“I am angry with the sea,” Venezuelan widower Raymer Diaz told his in-laws and his husband’s many mourners, for whom the National Drama Association had quickly fashioned a grief vessel at Woodbrook’s Big Black Box. The sea at Grande Riviere had claimed its president, Edwin Erminy, on 2018’s last day.
A series of young people gave testimony to how deeply Erminy touched their lives by modelling what it means to be a generous teacher and — for both men and women — to have an authentic loving relationship.
Oddly, I know Edwin because of the sea. I never knew him in life.
But I take his gifts — which reach far beyond any law or advocacy — into the new year — along with those of a young voice who did not speak at the NDATT wake, to whom I offer space here to ponder what those gifts meant.
The last image I have of him is clear, untouched, untainted by anything. He and Ray, laughing and talking in a language I am unable to speak, at the entrance to UTT’s technical theatre scenic workshop. Eight feet tall over them stood his student Olubusola Oluyemisi Chung’s final semester design project.
“An Egungun,” he said to me, envisioning the development of Chung’s design, the husband atop a ladder placing the finishing touches, a yellow African-print fabric, loyal to the earth tones of the Yoruba masquerade.
We are taught growing up that one must have different sides, that are to be displayed to different persons at varying times in one’s life. When someone continues their journey from the marketplace, the wake is where these different personalities present themselves, in the conversations about who the person is and what they meant, the images held by the persons they loved and who loved them, by the ones they mentored.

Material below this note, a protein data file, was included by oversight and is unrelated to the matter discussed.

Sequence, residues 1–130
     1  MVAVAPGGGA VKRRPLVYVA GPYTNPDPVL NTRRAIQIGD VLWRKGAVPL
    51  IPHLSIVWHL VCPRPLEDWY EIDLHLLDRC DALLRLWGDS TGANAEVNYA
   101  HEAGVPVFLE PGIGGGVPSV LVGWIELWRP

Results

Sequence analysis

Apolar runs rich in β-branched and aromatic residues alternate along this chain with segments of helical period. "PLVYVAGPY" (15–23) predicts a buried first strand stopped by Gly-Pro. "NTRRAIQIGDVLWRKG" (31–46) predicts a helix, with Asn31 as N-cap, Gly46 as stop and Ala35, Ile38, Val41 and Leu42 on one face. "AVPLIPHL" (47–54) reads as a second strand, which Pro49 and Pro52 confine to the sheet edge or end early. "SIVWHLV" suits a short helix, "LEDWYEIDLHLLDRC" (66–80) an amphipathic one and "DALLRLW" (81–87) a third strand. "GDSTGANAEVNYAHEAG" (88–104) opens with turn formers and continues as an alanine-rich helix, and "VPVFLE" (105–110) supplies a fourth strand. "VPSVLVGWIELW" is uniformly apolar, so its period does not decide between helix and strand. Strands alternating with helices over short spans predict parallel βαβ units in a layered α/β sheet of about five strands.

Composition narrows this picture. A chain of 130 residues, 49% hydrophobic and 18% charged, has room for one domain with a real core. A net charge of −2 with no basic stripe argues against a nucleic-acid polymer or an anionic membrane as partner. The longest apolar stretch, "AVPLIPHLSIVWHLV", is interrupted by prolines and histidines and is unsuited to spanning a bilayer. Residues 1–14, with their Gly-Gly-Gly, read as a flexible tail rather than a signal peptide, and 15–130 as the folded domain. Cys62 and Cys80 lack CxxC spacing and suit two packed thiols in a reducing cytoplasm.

What can be said about someone who did not possess these different faces? Speaking to everyone around him, an identical image manifests itself: creative, loving, funny, inspirational, joyful, cheerful, friendly. This meant he lived his authentic self throughout his life, in all aspects.
The first time I was introduced to him, although I knew most of his work — Rhoma’s Spencer’s Carnival Madea, NTAC’s Berlin on a Donkey, Calabash Alley, Man Better Man, and Three Sisters after Chekhov — and was able to talk about it in detail, I did not know that one person was responsible, and that his was the face of the artist. We talked for hours about design, what I want to become, what I have to contribute to the development of technical theatre.
I felt like a child on Christmas Day receiving presents of two amazing men who were talented, openly gay, married, and full of love. As a young man, I never felt there was anyone locally who reflected my values and I could be inspired by. Standing before me was a couple, who were accessible and willing to be interrogated by my curiosity. Not once did they say, this is inappropriate and forward, you can’t ask whether we want children, if we own joint bank accounts, what it means to be married in a country that doesn’t protect its LGBTI community. After having been introduced merely two hours earlier, they answered each question patiently, with personal details to aid my understanding.
Over the 17 weeks that I knew them as husbands, I was convinced I had allies in my camp I could turn to for help, comfort and motivational stories. Like this one: Pulling an all-nighter for his degree presentation of a set model, his Exacto knife handle broke, and he resorted to using the blade with his fingers, resulting in them being cut repeatedly, and blood spots covering the model. “You have bled for your art,” his lecturer declared.
I began to experience buyer’s remorse for not choosing to continue studying technical theatre. But they welcomed me into the scenic workshop, allowing me to build set elements, making me feel at home. At no time was I ever asked what are you doing here, you are not in my class; but instead greeted with hugs and smiles.
I will never forget that image of Edwin Erminy standing under an Egungun, eight feet tall, and smiling, as he now dwells in the land of the ancestors.